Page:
In a case the CEO of Rumblefish has claimed was a mistake, a man who was sitting out in a field taking video and recording himself, wanted to post his video to YouTube. Upon posting his video to YouTube the man was informed that it violated copyright, and although it was infringing on the copyright of someone else, it would be allowed with ad support. The man immediately questioned the violation and requested that YouTube reinstate the video without ad support, after all he had taken the video himself, and it contained only no copyrighted material. Upon looking at this video, YouTube determined the claim to be valid and reinstated the video.

Whenever this process goes into effect, Google must send the claimant a notice. When Rumblefish received the notice, they examined the video and reinstated their claim of copyright. And so began a dispute that would bring us to the most ludicrous of places. When Google informed the man that his video had been disputed by the copyright holder, he requested a reason for take-down, and it was determined that the sole reason for take-down was the sound of birds singing in the background.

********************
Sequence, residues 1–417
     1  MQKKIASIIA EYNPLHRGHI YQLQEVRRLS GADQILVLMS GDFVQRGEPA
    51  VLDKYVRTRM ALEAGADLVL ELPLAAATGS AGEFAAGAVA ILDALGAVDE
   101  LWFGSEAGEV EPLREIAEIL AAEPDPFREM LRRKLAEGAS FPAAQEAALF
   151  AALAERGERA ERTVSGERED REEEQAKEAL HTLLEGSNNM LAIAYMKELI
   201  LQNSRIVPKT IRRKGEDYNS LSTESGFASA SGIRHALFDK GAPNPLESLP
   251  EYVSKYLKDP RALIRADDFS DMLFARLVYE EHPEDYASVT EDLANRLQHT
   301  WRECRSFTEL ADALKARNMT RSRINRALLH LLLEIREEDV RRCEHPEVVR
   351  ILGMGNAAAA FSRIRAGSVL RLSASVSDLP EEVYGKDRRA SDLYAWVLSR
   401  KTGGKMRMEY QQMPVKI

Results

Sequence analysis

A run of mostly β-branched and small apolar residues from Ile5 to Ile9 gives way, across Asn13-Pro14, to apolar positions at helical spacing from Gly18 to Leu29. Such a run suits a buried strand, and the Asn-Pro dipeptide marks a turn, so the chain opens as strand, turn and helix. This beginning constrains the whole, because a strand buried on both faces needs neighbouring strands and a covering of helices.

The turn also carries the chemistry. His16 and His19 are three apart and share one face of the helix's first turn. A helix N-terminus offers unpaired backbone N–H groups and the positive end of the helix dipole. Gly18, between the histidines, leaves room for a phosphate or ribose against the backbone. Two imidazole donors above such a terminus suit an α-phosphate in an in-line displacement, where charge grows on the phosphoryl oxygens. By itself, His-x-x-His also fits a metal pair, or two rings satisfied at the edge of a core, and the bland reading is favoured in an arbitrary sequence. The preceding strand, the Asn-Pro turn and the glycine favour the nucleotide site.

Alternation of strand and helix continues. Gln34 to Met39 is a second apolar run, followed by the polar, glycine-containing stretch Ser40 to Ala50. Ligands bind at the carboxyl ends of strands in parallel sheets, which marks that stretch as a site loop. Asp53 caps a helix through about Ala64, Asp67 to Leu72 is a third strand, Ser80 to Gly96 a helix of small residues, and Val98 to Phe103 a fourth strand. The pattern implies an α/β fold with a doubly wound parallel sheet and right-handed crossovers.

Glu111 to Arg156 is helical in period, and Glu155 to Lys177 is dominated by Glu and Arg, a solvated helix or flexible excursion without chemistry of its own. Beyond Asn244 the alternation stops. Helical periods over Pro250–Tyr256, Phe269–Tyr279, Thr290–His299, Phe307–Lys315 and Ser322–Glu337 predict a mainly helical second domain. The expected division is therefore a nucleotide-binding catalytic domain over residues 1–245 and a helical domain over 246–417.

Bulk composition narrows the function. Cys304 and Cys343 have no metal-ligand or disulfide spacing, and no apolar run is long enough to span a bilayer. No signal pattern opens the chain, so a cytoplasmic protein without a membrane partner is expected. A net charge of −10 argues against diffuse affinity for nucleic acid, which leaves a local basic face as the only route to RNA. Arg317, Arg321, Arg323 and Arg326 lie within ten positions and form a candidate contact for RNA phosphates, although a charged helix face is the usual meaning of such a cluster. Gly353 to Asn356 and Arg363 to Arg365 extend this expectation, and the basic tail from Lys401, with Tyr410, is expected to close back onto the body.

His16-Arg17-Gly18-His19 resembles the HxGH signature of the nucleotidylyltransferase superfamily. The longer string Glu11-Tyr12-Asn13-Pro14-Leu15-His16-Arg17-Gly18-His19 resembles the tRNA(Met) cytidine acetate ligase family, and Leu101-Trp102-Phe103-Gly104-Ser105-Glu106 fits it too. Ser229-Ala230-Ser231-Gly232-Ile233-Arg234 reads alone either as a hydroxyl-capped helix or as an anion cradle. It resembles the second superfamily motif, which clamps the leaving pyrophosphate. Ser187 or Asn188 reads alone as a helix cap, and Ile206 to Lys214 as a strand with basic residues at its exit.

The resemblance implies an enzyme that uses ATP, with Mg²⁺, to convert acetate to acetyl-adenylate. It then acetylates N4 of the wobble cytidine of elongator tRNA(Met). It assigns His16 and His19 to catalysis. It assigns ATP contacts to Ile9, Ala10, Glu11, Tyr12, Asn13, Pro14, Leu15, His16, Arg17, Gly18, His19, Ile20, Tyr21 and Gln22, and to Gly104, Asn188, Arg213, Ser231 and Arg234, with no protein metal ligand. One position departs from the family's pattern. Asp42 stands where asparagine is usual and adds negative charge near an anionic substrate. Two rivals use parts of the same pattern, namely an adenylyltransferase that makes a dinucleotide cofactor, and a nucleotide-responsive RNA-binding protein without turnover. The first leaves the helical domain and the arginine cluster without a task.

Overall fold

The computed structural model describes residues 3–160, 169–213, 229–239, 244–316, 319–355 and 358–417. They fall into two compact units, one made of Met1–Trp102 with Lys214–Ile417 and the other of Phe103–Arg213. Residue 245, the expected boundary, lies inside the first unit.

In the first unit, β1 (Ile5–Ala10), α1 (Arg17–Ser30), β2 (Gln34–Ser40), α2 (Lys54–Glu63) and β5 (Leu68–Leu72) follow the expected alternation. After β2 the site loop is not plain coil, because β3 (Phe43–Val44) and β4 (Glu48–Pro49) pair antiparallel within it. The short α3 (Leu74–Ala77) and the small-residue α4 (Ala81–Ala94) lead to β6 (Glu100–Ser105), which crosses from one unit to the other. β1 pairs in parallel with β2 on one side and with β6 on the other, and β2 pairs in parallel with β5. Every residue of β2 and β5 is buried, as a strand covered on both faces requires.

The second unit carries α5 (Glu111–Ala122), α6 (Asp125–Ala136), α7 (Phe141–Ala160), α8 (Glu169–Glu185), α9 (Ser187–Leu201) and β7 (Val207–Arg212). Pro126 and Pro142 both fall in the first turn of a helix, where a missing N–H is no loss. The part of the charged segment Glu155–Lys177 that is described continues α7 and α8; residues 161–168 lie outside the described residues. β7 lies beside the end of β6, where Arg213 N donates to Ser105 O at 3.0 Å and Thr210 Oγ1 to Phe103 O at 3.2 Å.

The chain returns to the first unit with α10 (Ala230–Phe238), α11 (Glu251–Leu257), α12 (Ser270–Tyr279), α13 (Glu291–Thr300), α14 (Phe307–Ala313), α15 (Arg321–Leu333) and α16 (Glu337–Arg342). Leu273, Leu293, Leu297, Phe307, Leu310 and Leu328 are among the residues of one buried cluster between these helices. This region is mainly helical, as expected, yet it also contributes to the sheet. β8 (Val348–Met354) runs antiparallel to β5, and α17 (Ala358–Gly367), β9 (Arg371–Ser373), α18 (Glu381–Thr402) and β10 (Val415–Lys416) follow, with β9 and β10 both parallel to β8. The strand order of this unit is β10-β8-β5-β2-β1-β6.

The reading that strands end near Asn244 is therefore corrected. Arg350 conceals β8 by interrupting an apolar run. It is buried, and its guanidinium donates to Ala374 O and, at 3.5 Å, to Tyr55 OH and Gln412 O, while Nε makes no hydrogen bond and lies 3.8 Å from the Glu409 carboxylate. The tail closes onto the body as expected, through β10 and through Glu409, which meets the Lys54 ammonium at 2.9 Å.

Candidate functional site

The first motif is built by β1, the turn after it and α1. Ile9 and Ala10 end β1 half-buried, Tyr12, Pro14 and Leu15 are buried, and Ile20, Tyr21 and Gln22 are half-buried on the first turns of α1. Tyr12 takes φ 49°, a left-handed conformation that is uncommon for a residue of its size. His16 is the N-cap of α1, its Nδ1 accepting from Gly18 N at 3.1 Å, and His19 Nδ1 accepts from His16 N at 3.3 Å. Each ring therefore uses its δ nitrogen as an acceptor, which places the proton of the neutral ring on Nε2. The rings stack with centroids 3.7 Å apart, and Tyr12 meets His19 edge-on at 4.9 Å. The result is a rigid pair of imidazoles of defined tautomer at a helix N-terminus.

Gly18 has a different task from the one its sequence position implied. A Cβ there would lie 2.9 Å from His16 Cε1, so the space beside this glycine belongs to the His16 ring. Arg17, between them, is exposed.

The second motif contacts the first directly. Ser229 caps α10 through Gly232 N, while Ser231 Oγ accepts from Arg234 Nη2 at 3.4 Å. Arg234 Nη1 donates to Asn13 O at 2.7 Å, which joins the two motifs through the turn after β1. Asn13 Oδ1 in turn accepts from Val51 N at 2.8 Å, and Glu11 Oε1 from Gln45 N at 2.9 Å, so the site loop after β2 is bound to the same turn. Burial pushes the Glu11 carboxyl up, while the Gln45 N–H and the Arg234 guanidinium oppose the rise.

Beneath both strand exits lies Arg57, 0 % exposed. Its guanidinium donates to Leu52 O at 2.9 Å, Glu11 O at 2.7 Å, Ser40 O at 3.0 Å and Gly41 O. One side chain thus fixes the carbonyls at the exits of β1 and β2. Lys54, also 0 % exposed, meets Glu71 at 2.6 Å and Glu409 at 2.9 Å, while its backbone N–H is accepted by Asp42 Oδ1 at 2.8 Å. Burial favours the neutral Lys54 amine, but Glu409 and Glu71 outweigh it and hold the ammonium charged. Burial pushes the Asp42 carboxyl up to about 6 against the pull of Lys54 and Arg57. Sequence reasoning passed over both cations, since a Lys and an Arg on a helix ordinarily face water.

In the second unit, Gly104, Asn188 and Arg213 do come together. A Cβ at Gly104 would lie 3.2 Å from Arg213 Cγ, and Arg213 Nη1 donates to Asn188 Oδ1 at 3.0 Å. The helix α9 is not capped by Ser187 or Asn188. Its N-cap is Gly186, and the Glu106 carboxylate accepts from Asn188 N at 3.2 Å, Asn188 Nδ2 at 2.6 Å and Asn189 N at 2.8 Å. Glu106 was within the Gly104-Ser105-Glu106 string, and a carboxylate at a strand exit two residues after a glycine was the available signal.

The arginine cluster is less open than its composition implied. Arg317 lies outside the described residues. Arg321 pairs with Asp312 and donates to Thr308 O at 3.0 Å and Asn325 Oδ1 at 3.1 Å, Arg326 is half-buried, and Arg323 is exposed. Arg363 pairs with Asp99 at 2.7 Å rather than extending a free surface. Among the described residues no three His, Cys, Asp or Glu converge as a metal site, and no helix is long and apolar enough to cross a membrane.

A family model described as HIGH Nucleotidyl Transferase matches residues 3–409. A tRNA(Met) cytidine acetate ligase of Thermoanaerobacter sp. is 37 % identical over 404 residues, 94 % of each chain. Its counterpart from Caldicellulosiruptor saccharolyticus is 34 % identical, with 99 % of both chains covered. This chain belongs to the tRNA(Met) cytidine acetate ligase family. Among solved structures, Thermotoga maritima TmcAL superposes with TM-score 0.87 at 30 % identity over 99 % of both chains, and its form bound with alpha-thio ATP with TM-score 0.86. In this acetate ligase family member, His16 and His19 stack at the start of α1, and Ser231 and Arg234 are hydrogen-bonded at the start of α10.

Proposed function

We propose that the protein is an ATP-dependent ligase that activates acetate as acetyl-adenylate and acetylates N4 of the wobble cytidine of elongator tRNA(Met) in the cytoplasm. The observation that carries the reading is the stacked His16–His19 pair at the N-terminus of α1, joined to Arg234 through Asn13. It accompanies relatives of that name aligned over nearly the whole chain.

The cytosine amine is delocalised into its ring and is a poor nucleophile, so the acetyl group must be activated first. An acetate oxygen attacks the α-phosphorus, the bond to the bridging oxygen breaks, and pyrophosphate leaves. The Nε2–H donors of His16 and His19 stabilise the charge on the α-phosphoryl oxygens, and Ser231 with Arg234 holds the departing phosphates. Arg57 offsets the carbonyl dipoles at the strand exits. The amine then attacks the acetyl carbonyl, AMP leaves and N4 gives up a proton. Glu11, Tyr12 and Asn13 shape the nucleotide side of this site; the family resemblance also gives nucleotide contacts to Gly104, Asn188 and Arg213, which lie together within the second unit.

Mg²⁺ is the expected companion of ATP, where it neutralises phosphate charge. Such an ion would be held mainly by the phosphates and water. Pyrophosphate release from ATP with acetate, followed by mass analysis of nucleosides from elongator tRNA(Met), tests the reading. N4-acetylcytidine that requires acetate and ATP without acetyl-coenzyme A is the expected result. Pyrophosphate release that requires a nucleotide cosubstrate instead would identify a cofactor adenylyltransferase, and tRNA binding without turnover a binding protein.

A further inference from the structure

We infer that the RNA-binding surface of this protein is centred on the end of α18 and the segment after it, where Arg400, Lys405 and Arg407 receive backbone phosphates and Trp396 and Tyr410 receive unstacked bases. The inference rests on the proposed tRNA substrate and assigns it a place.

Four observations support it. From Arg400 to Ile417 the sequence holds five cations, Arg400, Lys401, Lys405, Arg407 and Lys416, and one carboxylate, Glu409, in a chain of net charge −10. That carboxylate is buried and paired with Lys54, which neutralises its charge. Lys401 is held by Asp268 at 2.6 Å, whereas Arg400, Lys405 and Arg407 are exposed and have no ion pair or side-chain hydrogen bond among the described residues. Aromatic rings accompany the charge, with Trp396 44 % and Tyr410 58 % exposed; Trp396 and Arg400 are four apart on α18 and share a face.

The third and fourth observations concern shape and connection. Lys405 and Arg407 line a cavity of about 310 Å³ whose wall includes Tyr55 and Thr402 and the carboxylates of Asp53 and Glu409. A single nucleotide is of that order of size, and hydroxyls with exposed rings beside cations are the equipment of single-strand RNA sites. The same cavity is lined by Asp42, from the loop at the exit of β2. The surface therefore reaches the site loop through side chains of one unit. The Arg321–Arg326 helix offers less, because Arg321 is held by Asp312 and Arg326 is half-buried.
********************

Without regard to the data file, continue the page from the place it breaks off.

That's right, this man recorded himself but took no notice of the birds that were making noises that flew above him. And although he had violated no copyright that he knew of, he posted his video unaware of the background sounds. You see Rumblefish being the predator corporation it is, has registered the sounds of various seemingly innocuous things with the intent of claiming copyright whenever they are used. In this case, Rumblefish had registered the sounds that birds make when they sing, but other such sounds can be found in their library. Now blaming Rumblefish solely for this would be unreasonable as its not contained to their business model alone. In recent years out of Brazil several companies have popped up registering the sounds of many things you would not even stop to think about in everyday life, but these guys do.